Verizon Communications Inc. and Google Inc. urged U.S. regulators to leave wireless-Internet services outside most policies that are designed to prevent carriers from making some Web sites perform better than others.
The companies issued a “compromise proposal” for so-called net-neutrality rules. The plan would restrict Internet-service providers from selectively slowing content that travels over their wires, but wouldn’t apply such limits to Web use on mobile devices, according to a blog post by the companies today. They would also exempt new offerings beyond traditional Internet and TV services, such as health-care monitoring.
Google and Verizon argue that the mobile-Internet market is more competitive and changing rapidly, and therefore different from the wireline market. Critics say the proposal would let Verizon and other carriers discriminate against certain traffic, possibly favoring their own services.
“This is exactly what net-neutrality supporters have feared all along -- an open door for Internet providers to control content indiscriminately,” said Josh Silver, executive director of Free Press, a non-profit group in Washington focused on policy and the media. “This is an attempt by Google and Verizon to self-regulate the same way the banks did in the run up to the banking crisis.”
Verizon and Google had been adversaries over the issue. New York-based Verizon was among the cable and phone carriers saying they need leeway on the delivery of Web content to protect performance of their networks. Google led content providers and advocacy groups that say restrictions are required so communications companies don’t favor their own online offerings or those of partners that pay for higher speeds.
Last week, U.S. regulators ended closed-door discussions with companies on Internet regulation, saying they didn’t result in a “robust framework” to preserve the openness of the Internet. Among participants were AT&T Inc., Verizon, Google, Skype Technologies SA, and the National Cable & Telecommunications Association, representing companies led by Comcast Corp. and Time Warner Cable Inc.
The Federal Communications Commission negotiated with the companies over rules proposed by Chairman Julius Genachowski to regulate how phone and cable companies handle Web traffic such as Google’s YouTube videos. Genachowski told reporters in Washington last week that any resolution “that doesn’t preserve the freedom and openness of the Internet for consumers and entrepreneurs will be unacceptable.”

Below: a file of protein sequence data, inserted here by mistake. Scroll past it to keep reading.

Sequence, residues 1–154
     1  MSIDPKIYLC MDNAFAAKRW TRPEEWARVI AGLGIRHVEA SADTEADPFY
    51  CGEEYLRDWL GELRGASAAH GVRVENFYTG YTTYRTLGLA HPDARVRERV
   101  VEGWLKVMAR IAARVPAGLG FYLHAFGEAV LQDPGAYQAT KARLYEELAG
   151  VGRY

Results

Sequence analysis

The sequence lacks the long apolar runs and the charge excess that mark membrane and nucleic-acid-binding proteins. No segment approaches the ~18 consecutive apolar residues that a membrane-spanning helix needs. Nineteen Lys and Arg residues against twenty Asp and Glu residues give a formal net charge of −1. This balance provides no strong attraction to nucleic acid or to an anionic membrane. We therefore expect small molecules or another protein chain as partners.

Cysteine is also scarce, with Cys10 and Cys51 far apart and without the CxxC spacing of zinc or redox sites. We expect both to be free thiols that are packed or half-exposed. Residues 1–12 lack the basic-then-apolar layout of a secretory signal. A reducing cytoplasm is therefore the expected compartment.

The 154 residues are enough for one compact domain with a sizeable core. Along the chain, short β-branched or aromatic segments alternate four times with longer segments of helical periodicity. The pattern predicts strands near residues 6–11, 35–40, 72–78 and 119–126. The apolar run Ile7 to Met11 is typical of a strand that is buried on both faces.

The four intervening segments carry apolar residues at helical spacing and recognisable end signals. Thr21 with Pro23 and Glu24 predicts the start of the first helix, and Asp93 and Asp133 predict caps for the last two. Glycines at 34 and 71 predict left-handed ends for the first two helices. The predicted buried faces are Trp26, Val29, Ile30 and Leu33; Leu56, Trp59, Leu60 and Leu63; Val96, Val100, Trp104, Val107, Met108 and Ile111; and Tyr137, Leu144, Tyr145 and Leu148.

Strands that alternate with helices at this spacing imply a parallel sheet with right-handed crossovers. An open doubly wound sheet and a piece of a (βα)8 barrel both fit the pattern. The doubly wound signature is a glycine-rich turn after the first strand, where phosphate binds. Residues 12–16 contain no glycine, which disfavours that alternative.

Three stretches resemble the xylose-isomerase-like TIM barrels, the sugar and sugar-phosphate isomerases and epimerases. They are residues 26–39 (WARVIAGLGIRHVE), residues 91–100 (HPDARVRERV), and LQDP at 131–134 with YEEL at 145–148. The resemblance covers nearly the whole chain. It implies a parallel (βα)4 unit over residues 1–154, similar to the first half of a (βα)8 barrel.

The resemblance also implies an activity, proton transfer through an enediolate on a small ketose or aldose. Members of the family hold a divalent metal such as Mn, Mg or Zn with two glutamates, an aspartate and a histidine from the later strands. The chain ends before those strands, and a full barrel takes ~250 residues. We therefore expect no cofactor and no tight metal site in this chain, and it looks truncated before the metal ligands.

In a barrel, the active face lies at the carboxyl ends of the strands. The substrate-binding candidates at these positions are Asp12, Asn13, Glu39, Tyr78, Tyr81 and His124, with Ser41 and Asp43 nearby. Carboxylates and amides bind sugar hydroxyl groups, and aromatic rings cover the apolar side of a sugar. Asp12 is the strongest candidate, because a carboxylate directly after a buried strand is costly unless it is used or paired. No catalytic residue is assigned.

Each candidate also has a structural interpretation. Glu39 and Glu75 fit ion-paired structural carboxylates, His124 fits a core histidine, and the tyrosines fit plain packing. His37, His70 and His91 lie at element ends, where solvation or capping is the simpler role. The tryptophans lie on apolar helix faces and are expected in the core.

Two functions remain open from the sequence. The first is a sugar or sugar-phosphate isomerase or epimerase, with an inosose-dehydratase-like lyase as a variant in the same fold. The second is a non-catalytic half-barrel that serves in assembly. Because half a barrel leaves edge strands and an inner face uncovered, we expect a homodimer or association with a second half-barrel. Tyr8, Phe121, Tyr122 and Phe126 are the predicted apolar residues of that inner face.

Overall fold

FCC spokeswoman Jen Howard declined to comment today.
Google and Verizon have become business allies through Verizon Wireless, the largest U.S. wireless carrier. Mobile phones that use software from Google, owner of the largest Internet search engine, helped Verizon’s profit this year.
Earnings for Verizon beat estimates last month as its wireless unit promoted phones running on Google’s Android software, including Droids from Motorola Inc. and HTC Corp., to compete against AT&T’s iPhone from Apple Inc.
Carriers such as Verizon, which have spent billions of dollars building high-speed networks, are trying to affect the FCC’s policies to be able to earn a return on their investments.
Google and Verizon’s exclusion of wireless services from the policy proposal veers from the FCC’s principles, which don’t make a distinction between wireline and wireless connections, said Sherwin Siy, deputy legal director for Public Knowledge, a Washington-based consumer watchdog for digital rights.
“There’s no reason the same rules of being fair and nondiscriminatory shouldn’t apply in the wireless scheme as well,” Siy said. Preserving the success of Android is “certainly foremost in their minds,” Siy said.
Google and Verizon said the Government Accountability Office would report to Congress annually on developments in wireless broadband and whether the rules protect customers.
“Wireless broadband is different from the traditional wireline world, in part because the mobile marketplace is more competitive and changing rapidly,” the companies said. “In recognition of the still-nascent nature of the wireless broadband marketplace, under this proposal we would not now apply most of the wireline principles to wireless.”
Consumer Watchdog, a consumer group based in Santa Monica, California, said the proposal “completely undermines the future of the Internet” because the wireless use of the Web is gaining in popularity.
Verizon already agreed to some net-neutrality principles when it obtained spectrum for its so-called fourth-generation wireless service, which will provide high-speed mobile broadband in some markets later this year.
Verizon and Google also proposed excluding “additional, differentiated online services” that might include new health- care, gaming and entertainment services and smart grids from the net-neutrality requirements. The companies said there would be safeguards in place to ensure that such services are distinguishable from traditional broadband access and that the rules aren’t designed to circumvent the FCC.
The plan would hurt consumers because it would create a two-tiered structure for the Internet, Consumer Watchdog said.
“There would be a so-called ‘Public Internet,’ but then the ISPs would be allowed to offer new premium services outside that basic service,” the group said in an e-mailed statement. “How long do you think anything of interest would be available on the ’Public Internet’?”
Verizon, which co-owns its wireless business with Vodafone Group Plc, rose 31 cents to $29.86 at 4 p.m. on the New York Stock Exchange. Google, based in Mountain View, California, gained $5.13 to $505.35 on the Nasdaq Stock Market.